In good sacred art, even the look of the negative space around the figures is carefully controlled by the artist. The iconographic tradition portrays the heavenly realm, which is outside time and crucially (in this context) space. In order to convey a sense of the heavenly order in an earthly image, all sense of depth beyond the plane of the painting is deliberately eliminated. There is no superfluous background in an icon and the negative space around a figure is meant to appear flat.
The naturalistic tradition, in contrast, seeks to do precisely the opposite. This is a 15th century painting by the Venetian painter, Bellini.
It is portraying Historical man, that is man after the Fall but not yet redeemed. This is the world of time and space that we live in. When painting in this tradition, the artist deliberately sets out, therefore, to create the illusion of space. There are a number of ways that an artist can do this. One way is to draw a scene with conventional perspective (and the icon painter can do the converse by using inverse perspective). However, in order to use either form of perspective, there must be a background scene painted in the area around the main figures onto which the artist would apply it. If there is not background scene the artists must use other means to control our sense of how the negative space appears: as either a three-dimensional space or a flat surround in the plane of the painting.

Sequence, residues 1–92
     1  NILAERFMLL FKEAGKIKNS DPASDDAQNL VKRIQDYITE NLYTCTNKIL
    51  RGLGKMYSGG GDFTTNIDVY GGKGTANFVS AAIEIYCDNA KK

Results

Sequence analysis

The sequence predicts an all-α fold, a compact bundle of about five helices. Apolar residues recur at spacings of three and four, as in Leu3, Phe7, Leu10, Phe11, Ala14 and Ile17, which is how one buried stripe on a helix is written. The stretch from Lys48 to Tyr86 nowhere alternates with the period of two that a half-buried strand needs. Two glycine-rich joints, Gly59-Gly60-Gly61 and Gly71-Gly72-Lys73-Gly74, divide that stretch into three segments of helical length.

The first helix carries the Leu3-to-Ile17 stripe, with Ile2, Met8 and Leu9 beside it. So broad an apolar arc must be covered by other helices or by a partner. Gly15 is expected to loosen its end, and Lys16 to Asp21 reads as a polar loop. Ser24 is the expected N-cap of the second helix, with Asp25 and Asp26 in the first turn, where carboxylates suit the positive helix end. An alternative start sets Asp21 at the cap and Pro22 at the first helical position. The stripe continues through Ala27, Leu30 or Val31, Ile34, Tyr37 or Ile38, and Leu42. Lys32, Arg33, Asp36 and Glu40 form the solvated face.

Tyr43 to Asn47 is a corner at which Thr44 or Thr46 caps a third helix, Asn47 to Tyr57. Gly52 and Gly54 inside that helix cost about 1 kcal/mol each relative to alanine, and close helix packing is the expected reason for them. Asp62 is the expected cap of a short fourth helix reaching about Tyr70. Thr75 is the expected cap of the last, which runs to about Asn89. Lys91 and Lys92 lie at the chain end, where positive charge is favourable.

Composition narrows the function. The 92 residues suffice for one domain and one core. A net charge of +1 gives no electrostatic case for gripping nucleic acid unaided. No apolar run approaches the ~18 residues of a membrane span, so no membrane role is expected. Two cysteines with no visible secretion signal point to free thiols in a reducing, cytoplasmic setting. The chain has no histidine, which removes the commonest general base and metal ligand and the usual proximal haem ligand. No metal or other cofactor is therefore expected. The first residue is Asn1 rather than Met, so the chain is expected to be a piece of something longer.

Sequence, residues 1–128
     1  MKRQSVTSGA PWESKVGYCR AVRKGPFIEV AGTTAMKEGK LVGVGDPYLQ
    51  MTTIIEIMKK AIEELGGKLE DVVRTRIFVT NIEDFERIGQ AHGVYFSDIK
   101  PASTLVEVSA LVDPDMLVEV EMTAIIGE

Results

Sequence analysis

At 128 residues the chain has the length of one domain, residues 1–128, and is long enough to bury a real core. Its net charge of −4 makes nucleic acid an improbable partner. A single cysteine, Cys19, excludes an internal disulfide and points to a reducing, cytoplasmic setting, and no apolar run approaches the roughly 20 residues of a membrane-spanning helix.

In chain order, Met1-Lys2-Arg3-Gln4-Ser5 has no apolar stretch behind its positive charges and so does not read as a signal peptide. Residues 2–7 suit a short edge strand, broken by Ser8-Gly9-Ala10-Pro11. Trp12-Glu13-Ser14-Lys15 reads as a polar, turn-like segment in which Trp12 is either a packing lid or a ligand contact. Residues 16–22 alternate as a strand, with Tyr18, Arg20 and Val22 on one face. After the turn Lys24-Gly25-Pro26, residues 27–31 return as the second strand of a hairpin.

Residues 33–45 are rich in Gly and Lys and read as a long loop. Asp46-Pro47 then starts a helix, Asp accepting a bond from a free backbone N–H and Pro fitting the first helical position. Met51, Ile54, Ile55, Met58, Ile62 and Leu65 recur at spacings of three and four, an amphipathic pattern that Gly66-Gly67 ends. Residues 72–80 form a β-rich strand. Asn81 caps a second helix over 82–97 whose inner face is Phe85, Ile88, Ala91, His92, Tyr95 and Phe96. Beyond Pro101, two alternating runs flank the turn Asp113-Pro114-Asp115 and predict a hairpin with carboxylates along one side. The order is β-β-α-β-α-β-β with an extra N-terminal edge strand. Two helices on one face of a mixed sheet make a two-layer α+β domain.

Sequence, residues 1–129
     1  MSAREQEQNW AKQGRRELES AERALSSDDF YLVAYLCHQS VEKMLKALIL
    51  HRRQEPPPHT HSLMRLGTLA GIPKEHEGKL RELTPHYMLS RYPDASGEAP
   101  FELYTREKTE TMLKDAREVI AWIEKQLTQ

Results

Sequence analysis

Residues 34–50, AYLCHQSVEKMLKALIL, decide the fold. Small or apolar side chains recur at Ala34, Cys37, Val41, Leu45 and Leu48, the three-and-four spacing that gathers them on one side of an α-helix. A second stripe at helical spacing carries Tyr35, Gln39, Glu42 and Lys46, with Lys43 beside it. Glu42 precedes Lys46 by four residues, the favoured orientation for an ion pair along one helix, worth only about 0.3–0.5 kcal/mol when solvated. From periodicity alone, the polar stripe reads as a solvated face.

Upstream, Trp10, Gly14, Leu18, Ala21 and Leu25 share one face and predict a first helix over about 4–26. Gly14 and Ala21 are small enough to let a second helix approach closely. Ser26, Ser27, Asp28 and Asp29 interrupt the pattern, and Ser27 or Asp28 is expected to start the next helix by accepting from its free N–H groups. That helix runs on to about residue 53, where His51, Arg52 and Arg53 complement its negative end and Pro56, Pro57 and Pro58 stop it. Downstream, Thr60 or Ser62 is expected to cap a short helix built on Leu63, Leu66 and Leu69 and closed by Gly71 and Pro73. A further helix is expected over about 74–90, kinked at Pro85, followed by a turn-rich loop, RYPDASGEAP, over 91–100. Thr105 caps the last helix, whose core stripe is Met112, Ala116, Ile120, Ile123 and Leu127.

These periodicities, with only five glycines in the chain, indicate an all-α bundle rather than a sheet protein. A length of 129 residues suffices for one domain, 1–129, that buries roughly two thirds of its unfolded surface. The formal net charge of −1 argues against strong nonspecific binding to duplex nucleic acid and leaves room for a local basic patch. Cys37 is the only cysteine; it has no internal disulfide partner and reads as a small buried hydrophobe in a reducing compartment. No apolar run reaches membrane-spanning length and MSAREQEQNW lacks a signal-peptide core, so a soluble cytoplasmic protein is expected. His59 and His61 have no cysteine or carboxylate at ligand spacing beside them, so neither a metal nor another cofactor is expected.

One is the choice of medium or media used in the painting. One option is to gild, which always looks flat. (You can see this 12th century Greek icon Moses at the burning bush, below.)
If the background is painted rather than gilded, then egg tempera, fresco and mosaic always tend to look flat too, whereas oil paint, especially when used for painting shadow, always creates a strong sense of space beyond the plane of the painting.
Just to illustrate, compare the two paintings first and second below: and icon of Our Lady and Our Lord painted by Gregory Kroug in the 20th century, above, with another painting by Bellini, his Sacred Conversation painted in 1490. Neither has scenery painted around the figure, yet first has a white background that is designed to eliminate, as far as possible any sense of space beyond the plane of the painting. Bellini on the other hand, has painted a dark background that plunges into the depths, and gives a sense of almost infinite space – there is a gaping chasm beyond the figures.